The words of the Apostle Paul to Timothy are telling: "Let no man despise thy youth; but be thou an example of the believers, in word, in conversation, in charity, in spirit, in faith, in purity." (1 Tim 4:12). Apparently, Paul had reason to believe that there might be some who because of their advanced years would be reluctant to be taught by someone younger in the faith. Anticipating this, he admonishes his son in the faith to be an example to believers in more than just words, but in qualities befitting a servant of the Lord. The snare of thinking that we are beyond the point of teachability—for whatever reason—is a trap that can easily snag any of us. Perhaps it is because we have been a Christian for many years that we bristle at the thought of being corrected by someone other than ourselves. Or maybe because of those we associate with that we feel we are beyond instruction in a certain issue. Or maybe it is just a matter of simply refusing to admit that we are wrong—a lack of biblical understanding (and an abundance of spiritual pride!). For whatever reason, the excuses for not having an openness of heart and an attitude that is "easy to be entreated" (James 3:17) are difficult to justify in the light of Scripture—even though we may not be conscious of harboring these attitudes. The Bible is replete with examples of those who thought they were beyond teachability. The Pharisees scolded the man born blind who, after receiving his sight extolled the One who had opened his eyes. His clarion testimony only served to infuriate the proud Pharisees. Incensed, they chided "Thou wast altogether born in sins, dost thou teach us?" (v. 34). They could not bear to think of someone less instructed than they to be in the position of teaching them. Likewise, the nation of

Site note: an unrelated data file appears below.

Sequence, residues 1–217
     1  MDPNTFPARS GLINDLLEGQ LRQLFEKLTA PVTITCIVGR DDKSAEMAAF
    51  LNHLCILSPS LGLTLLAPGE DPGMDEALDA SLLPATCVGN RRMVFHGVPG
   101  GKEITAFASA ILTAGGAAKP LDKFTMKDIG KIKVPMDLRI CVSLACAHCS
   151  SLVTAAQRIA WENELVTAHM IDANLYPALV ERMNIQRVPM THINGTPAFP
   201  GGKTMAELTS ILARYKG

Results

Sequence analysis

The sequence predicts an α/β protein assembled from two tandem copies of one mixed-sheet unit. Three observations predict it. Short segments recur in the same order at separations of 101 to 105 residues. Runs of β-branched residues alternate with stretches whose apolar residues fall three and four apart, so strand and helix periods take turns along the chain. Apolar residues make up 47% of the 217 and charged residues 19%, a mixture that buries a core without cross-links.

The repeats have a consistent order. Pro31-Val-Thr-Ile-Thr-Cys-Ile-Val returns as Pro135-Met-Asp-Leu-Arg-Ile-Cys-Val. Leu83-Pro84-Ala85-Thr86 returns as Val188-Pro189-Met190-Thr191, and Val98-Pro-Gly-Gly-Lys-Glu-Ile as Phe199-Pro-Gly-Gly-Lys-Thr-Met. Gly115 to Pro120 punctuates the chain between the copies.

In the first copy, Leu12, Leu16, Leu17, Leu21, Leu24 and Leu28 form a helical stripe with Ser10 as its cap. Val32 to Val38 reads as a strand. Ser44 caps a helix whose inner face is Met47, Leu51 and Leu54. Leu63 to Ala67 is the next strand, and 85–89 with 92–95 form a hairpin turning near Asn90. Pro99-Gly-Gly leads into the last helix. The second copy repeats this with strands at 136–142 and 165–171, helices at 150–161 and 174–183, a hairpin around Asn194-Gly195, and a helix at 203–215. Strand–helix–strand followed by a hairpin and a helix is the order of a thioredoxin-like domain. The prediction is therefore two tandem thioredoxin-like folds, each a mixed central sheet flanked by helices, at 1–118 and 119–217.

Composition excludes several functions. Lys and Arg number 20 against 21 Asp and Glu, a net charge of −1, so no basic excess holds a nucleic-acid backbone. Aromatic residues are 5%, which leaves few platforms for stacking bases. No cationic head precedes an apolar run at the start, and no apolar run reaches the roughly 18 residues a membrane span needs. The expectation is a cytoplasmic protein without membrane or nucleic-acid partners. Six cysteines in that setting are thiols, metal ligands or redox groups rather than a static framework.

We are tempted to dismiss these examples of unteachable attitudes by unsaved men and women as inapplicable to the Christian. Yet at it's core is the attitude that the believer must also do battle with continually—the attitude of sin. As long as the "old man" is allowed to get some air, he will make every effort to revive and stir up trouble. Thus the exhortation to "put off" this corrupt expression of our former self. (Eph. 4:22). The Corinthians forgot this truth when being corrected by the Apostle Paul for their blatant carnality. They had become puffed up in their knowledge to the point that they resisted instruction from the very one who was directly responsible for their faith in Christ. Amazing! The Galatians also demonstrated that they had become calloused because of giving ear to the leaven of false doctrine that had permeated the ranks. They questioned Paul's integrity and sincerity causing him to exclaim: "O foolish Galatians! Who hath bewitched you that you should not obey the truth?" (Gal. 3:1) Yes, the Lord's people (you and me) can also allow an attitude of unteachability to insidiously creep into the life. Sin and pride are the twin culprits in all these cases—they were then and they are now.
But not all the examples in the Bible are so dismal. Apollos, a man cited as being eloquent and mighty in the Scriptures, instructed in the way of the Lord and fervent in spirit still had the humbleness of mind to be taught the way of God more perfectly by